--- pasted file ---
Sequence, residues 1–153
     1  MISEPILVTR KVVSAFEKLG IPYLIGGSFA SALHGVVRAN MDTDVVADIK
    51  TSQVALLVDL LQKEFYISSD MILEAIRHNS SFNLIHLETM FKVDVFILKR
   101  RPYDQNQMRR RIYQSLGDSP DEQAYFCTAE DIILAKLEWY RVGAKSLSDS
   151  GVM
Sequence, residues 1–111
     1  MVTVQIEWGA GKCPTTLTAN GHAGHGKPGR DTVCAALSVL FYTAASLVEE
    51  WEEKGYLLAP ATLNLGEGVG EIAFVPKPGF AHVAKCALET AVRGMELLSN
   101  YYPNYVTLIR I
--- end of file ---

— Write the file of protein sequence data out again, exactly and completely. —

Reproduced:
Sequence, residues 1–153
     1  MISEPILVTR KVVSAFEKLG IPYLIGGSFA SALHGVVRAN MDTDVVADIK
    51  TSQVALLVDL LQKEFYISSD MILEAIRHNS SFNLIHLETM FKVDVFILKR
   101  RPYDQNQMRR RIYQSLGDSP DEQAYFCTAE DIILAKLEWY RVGAKSLSDS
   151  GVM
Sequence, residues 1–111
     1  MVTVQIEWGA GKCPTTLTAN GHAGHGKPGR DTVCAALSVL FYTAASLVEE
    51  WEEKGYLLAP ATLNLGEGVG EIAFVPKPGF AHVAKCALET AVRGMELLSN
   101  YYPNYVTLIR I